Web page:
The Fire Gospels

Mike Magnuson, Author HarperCollins $24 (272p) ISBN 978-0-06-017595-5
Magnuson's strengths lie in his appealingly average characters and his ear for the easy speech rhythms of middle America. His enjoyable second novel (after The Right Man for the Job, 1997) once again features a talented but underachieving regular guy, a typical sort whom circumstances force into atypical actions. Grady McCann, a bright but unmotivated maintenance man, likes to spend his after-work hours drinking in his local bar, the Liquid Forest. Unfortunately, Grady's hometown of McCutcheon, Wis., is suffering a season-long drought, and the oppressive sun has driven the folks in the Liquid Forest--and all over McCutcheon County--into a state of near panic. For relief from the drought, the townspeople have put their faith in the local weatherman, Lucky Littlefield, whom Grady considers a sanctimonious fake--and whom he suspects of sleeping with his wife, who's Lucky's assistant at the TV station. Like the archetypal rainmaker, Lucky, who wears Hawaiian shirts and encourages his audience to pray for precipitation, has ridden the drought to celebrity status. But when a strange meteorological phenomenon sparks a countywide forest fire, Grady, Lucky and all of McCutcheon find themselves fighting just to survive. The cataclysmic, almost biblical fire that occupies the novel's second half brings out the truest nature of Magnuson's cast. At times, however, it devours towns too quickly (is the entire state of Wisconsin devoid of disaster planning?) and draws the focus away from the small interactions that make McCutcheon so vivid. Magnuson's writing is strongest when he shows characters trying to go about their everyday lives--drinking, going to work, trying to get along--and the quiet moments in this book remain the most revealing. (June)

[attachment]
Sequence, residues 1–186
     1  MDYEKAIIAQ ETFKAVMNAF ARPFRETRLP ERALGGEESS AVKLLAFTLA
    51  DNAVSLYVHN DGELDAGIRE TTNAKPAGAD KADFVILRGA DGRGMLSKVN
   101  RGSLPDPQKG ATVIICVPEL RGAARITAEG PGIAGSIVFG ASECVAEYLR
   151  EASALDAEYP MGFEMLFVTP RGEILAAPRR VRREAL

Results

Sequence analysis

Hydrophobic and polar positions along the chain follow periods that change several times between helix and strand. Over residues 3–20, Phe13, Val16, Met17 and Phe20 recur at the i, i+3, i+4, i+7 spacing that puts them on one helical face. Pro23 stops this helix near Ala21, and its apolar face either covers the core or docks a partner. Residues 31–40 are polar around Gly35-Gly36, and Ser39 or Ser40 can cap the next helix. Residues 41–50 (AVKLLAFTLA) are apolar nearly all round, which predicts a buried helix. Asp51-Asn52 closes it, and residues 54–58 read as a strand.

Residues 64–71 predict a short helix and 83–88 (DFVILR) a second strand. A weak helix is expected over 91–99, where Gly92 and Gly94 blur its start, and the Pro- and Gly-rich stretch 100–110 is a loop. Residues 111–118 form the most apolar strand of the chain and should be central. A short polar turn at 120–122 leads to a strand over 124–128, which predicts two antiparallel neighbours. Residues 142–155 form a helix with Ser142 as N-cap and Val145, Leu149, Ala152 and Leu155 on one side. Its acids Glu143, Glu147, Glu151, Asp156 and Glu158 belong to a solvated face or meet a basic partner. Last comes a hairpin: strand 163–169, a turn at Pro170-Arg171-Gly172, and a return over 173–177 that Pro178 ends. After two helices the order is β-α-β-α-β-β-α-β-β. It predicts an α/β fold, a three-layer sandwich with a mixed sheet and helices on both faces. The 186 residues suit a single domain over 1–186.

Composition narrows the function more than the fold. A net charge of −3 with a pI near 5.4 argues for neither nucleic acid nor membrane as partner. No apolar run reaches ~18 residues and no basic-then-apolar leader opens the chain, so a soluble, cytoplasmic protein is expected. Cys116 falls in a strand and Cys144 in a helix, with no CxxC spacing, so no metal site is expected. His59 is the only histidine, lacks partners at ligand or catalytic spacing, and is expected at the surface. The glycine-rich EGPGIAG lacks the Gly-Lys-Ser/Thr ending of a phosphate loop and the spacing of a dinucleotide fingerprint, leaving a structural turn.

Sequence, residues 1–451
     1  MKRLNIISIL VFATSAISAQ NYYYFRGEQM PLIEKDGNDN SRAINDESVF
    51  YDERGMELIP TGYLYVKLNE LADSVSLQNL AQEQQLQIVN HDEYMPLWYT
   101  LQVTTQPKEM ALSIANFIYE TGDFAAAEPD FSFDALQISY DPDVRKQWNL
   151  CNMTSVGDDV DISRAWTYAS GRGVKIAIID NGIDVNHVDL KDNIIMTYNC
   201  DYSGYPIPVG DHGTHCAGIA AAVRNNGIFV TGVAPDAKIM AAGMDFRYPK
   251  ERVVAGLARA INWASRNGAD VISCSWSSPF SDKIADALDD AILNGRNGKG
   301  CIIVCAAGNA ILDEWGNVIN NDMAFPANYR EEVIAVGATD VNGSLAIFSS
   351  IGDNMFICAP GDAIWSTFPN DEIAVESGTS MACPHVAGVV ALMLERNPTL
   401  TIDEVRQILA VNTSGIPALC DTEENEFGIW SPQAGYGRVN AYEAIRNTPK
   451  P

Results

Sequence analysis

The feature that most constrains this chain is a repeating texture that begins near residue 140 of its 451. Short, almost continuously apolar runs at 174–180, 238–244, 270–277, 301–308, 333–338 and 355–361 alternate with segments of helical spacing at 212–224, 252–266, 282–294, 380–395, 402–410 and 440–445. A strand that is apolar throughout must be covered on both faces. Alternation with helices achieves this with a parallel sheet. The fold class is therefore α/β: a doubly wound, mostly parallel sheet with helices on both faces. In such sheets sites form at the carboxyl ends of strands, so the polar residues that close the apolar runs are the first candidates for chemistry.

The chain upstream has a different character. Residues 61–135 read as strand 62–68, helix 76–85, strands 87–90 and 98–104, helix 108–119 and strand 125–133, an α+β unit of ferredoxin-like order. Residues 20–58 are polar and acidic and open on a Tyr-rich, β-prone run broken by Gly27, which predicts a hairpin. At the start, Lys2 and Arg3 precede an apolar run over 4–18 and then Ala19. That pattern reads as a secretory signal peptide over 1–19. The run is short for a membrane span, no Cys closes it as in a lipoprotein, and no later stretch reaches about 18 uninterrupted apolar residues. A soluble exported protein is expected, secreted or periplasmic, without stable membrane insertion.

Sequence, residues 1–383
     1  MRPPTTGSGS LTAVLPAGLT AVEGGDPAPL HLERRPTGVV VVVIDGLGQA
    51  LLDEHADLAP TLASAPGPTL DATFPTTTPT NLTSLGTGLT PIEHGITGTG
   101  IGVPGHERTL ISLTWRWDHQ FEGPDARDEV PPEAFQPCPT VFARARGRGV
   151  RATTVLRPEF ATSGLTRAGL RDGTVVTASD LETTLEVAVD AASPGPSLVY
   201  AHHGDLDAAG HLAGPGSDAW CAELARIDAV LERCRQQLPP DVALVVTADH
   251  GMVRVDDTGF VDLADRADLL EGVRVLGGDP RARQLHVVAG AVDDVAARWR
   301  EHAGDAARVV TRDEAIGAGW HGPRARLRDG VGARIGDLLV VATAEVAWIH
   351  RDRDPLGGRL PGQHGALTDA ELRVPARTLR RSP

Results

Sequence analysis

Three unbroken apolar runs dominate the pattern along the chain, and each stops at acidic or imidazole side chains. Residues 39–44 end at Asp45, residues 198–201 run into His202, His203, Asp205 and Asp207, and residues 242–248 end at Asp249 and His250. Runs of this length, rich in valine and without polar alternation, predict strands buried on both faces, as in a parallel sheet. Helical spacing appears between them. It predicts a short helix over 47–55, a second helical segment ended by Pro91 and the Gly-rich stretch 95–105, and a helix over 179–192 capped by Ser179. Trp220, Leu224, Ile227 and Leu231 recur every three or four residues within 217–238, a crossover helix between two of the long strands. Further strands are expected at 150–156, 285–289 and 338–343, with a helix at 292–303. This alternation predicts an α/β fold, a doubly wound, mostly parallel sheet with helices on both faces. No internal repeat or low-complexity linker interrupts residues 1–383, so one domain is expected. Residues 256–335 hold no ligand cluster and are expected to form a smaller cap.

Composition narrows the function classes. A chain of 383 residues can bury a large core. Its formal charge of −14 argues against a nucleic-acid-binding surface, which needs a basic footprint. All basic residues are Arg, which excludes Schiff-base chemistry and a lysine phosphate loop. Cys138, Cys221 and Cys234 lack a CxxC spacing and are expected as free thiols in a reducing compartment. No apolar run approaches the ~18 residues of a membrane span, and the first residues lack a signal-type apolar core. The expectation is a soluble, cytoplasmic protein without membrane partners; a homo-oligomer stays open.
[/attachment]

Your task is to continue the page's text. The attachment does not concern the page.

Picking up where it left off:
Reviewed on: 06/29/1998
Release date: 06/01/1998
Paperback - 272 pages - 978-0-06-093010-3
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